Essential Oil Inhalation for Pain

Over the course of the past week I have seen this question a few times in separate aromatherapy Facebook groups, “Does inhaling essential oils help with chronic pain?”  The simple answer is, “yes!”  However, I want to discuss why inhalation of essential oils helps with pain.

There are studies showing that inhalation of essential oils assists with alleviating nausea post-surgery. The most recent study was published in the Journal of PeriAnesthesia Nursing, A Comparison of Aromatherapy to Standard Care for Relief of PONV and PDNV in Ambulatory Surgical Patients in April 2018.  Studies also indicate the inhalation of essential oils has positive results on emotional conditions such as depression,  and likewise for anxiety.

There are myriad anecdotal reports of essential oils being of assistance for all these conditions nausea, vomiting, depression, anxiety and headache or migraine; but only a few for pain, chronic or acute. However, more studies are begin conducted on the use of essential oil inhalation for pain.  I find this quite encouraging.

When I consult with a client and aromatherapy application methods are discussed most clients ask for a topical blend.  I get this request, I really do; however, I also make the case for inhalation.  Let’s talk frankly, shall we?  For example, why do cocaine users snort their precious powder?  Why don’t cocaine users rub their white dust on their skin?  When it comes to inhalation there is no quicker route for therapeutic constituents to enter the body.  The same holds true for essential oils.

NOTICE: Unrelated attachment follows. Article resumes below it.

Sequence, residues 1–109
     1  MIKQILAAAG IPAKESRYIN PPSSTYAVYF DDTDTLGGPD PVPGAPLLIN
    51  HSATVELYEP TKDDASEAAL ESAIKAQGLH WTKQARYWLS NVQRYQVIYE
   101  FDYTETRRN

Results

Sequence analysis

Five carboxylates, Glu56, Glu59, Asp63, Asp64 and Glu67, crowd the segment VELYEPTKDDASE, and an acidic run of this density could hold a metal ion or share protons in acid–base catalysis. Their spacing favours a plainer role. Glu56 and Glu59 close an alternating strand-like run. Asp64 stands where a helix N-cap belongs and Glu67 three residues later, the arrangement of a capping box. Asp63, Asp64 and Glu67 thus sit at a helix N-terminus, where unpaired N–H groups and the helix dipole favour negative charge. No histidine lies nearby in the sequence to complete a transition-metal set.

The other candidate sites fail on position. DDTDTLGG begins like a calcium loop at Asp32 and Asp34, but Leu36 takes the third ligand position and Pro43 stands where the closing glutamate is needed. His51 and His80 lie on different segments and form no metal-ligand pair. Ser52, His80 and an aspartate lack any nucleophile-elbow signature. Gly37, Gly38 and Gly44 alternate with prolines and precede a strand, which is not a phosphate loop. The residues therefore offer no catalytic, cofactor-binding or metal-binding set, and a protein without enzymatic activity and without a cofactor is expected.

When we apply a topical solution do the therapeutic components of essential oils stay on the place we have applied it?  No!  In short, and foregoing the anatomy lesson, the chemical constituents are absorbed into the body and travel throughout.   This fact applies to inhalation as well.

Then there is breath work.  I remember learning from a well-seasoned surgical nurse the importance of breath when it comes to managing pain.  She told me that controlling pain and anxiety came down to breathing.  “Take a deep breath in through your nose, hold it for a slow count of three, and then slowly exhale through your mouth. Repeat this several times.”  Are these not the steps we use to instruct our clients on the use of a personal inhaler?  Hmmmm….

Let’s address the statement, “The effectiveness from inhalation of essential oils for pain is just in your head.” Well, if this were true wouldn’t that be positive?  There is nothing wrong with a positive placebo effect.  If we believe it works for us it does, no sense arguing the point.  However, on a personal and professional level I have witnessed strong positive results from essential oil inhalation for pain.